Energy Drinks: Their Contents Are a Mystery

Red Bull. Rockstar. Monster.

They could be the names of ultimate fighters or black diamond ski runs, but as any American not living off the grid knows, they are the names of energy drinks, a food category that exploded into consumer consciousness in the late 1990s.

Basically, whether marketed as food or dietary supplements, they all sell caffeine. And while caffeine in moderation isn’t harmful for most people, there’s little guidance about the quantity of caffeine-which some sources define as a drug, others as a food additive and others as a stimulant chemical found in plants-in these drinks. There’s also a paucity of information about other ingredients in these drinks.

As noted in a recent story on NPR, there’s no consensus on exactly what an “energy drink” is. Today, you find canned coffee, tea and even fruit juice spiked with extra caffeine. There’s little research about their effects.

One researcher for the Center on Young Adult Health and Development at the University of Maryland School of Public Health called for better labeling of these products in an article published in the Journal of the American Medical Association (JAMA) titled “The ‘High’ Risk of Energy Drinks.”

The American Beverage Association drafted guidelines for energy drinks, but it’s up to manufacturers to include them on product labels. The guidelines call for caffeine quantity, warnings about mixing drinks with alcohol and noting that they are not intended to be consumed by children, pregnant or nursing women or people who are sensitive to caffeine. A few years ago, we wrote about energy drinks being linked to heart problems.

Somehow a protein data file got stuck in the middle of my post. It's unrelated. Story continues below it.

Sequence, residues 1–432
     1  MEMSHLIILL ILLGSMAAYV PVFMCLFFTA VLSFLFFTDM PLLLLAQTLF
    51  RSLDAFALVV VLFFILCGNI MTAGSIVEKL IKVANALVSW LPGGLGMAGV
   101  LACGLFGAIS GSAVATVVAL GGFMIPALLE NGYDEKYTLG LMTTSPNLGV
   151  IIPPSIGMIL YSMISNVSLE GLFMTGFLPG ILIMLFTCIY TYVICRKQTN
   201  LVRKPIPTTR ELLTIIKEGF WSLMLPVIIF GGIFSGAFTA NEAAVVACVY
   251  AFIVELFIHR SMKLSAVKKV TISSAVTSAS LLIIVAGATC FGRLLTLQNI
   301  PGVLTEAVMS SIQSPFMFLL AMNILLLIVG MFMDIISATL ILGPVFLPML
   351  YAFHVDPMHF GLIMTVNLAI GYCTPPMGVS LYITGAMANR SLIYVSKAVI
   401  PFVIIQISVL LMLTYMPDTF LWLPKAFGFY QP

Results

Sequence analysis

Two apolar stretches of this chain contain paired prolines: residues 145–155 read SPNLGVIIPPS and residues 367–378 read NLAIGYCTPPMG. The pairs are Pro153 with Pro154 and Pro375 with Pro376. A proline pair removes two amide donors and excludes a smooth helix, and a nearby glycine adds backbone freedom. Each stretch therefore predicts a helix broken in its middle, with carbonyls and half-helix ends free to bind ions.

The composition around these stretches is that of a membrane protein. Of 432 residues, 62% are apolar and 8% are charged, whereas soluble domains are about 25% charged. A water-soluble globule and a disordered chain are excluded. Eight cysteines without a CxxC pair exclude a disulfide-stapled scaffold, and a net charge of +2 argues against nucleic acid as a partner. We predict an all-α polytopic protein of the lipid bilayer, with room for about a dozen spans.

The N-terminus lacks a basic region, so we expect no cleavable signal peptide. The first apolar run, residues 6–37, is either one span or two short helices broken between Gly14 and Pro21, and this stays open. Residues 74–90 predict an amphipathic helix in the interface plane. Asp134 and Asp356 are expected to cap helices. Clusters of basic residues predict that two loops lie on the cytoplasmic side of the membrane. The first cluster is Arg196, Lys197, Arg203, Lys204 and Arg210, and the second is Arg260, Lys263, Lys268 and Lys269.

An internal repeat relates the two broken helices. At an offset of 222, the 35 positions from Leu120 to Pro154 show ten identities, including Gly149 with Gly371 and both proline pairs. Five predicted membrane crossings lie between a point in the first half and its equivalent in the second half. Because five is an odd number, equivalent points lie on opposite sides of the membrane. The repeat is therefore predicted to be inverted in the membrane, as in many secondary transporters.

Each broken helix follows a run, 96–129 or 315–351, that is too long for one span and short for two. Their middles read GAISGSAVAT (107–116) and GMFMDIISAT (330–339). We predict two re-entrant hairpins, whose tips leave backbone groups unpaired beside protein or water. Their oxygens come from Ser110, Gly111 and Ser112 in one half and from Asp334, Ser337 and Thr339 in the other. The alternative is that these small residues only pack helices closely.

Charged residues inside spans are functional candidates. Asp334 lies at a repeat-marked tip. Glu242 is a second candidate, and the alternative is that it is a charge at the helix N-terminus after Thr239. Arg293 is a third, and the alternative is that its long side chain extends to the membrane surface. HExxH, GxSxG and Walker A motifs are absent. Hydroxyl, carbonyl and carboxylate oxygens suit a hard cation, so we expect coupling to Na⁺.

Still, what is an energy drink? According to Susan Carlson of the FDA’s Office of Food Additive Safety, “They range all over the place, from products that have probably no caffeine to products that do have caffeine and products that have ingredients that may contain caffeine. But there is no regulatory definition for energy drinks, per se.”

Regardless of whether an energy drink calls itself a food or a dietary supplement, the FDA has no regulatory limits for caffeine content. Those apply only to cola drinks. Red Bull has about twice as much caffeine per can than Coke.

By law, the FDA has the right to question a manufacturer’s use of an ingredient and its safe use of an ingredient. The agency is concerned about conventional foods being marketed as dietary supplements, and, Carlson told NPR, it has taken public comment to draft industry guidelines.

If you’re sensitive to caffeine, or simply like to be informed about the contents of manufactured food products before you consume them, make your feelings about energy drinks known to the FDA.

In addition, visit product websites, where more information might be forthcoming. If not, let manufacturers know that you’re not likely to purchase their product unless you know what’s in it.

Now that even Minute Maid has introduced juice “enhanced” with caffeine, the energy drink craze really deserves scrutiny.

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